SORTIE-NDSoftware for spatially-explicit simulation of forest dynamics
The plot in SORTIE is the simulation of the physical space in which the model runs. It has a size, a climate, and a geographical location.
You can think of the plot as a rectangle (although it's not really - more on that later). You tell the plot what its east-west and north-south dimensions are. It's useful to keep your plot size in mind when you are setting up your parameters and viewing your output, since many SORTIE values are per hectare units. The size of your plot also makes a difference in run time - the larger the plot, the longer the run. The absolute minimum size of a plot is 100 meters by 100 meters; 200 meters by 200 meters is a more realistic minimum. It is a careful balance to find a plot size big enough to see the effects you are interested in but not so big that your runs take too long to be practical. Since the length of the run depends on many other factors in addition to plot size, you may need to tweak plot size a bit until you've found a good value.
The SORTIE Coordinate System
SORTIE uses X-Y coordinates, starting at (0, 0), which is at the southwest corner of the plot. Positive Y coordinates increase to the north; positive X coordinates increase to the east. There are no negative plot location values. The coordinate values are in meters.
Plot shape: the torus forest
When you are working with the plot, you think of it as a rectangle. In fact, it is a torus (donut). Each edge connects to the edge on the opposite side. To picture this, imagine a sheet of paper. Roll the sheet of paper into a tube, then bend the tube around so its ends meet. This is what the SORTIE forest looks like. The purpose of this shape is to eliminate edges in the forest. Trees near the "edges" of the plot torus "see" trees on the far "edge" as being right next to them.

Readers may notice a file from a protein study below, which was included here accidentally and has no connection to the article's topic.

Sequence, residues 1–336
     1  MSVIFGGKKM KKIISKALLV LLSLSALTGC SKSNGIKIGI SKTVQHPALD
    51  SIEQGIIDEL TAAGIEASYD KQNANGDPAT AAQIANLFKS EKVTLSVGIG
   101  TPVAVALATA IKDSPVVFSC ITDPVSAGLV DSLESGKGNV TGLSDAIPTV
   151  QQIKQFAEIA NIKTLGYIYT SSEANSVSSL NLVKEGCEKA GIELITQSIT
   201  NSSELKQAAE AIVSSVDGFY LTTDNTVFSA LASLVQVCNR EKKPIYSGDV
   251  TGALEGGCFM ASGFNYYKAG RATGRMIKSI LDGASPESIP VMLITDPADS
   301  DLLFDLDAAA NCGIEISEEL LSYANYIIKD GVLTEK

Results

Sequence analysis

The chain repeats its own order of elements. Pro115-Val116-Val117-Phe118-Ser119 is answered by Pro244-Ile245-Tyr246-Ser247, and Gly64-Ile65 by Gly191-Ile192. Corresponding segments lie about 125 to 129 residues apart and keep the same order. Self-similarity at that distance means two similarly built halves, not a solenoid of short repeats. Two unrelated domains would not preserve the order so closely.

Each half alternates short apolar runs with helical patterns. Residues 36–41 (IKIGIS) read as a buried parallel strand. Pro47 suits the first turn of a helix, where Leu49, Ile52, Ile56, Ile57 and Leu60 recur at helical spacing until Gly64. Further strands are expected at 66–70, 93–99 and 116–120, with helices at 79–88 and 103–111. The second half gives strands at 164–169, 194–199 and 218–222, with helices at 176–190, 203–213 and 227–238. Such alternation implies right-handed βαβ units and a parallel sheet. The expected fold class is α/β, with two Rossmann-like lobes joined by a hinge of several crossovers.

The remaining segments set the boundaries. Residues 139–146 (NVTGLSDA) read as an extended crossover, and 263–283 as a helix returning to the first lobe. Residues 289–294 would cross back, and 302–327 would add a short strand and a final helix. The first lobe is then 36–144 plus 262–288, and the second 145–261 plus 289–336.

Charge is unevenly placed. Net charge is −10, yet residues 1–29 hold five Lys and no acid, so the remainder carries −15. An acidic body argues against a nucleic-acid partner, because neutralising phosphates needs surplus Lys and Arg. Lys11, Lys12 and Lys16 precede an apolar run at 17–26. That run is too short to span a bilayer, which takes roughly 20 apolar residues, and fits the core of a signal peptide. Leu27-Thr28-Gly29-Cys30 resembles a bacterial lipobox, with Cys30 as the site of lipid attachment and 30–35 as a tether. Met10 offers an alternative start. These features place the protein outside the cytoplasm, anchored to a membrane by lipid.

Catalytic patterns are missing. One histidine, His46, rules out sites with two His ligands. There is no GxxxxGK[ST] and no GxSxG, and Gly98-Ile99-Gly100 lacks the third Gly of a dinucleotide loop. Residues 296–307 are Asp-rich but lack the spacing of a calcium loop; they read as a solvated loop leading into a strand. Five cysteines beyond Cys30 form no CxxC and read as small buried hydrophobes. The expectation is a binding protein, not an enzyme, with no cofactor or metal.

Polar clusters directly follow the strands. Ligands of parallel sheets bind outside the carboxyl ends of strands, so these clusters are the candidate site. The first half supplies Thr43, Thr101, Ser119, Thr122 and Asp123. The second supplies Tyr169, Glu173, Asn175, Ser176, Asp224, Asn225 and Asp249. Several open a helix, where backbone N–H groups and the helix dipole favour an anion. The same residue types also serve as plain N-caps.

The torus shape is what controls the minimum plot size in SORTIE. Some processes in SORTIE require searching a portion of the plot - for instance, to find all the trees in a given circle. If that search took place over too great an area compared to the size of the plot, it would run the risk of searching "around the world." It would work its way around the torus and back to (and past) the place it started, finding the same trees multiple times.
Plot climate and location
The plot also has a climate and a geographical location. Some behaviors use this information but others do not. This information is ignored if it is not needed.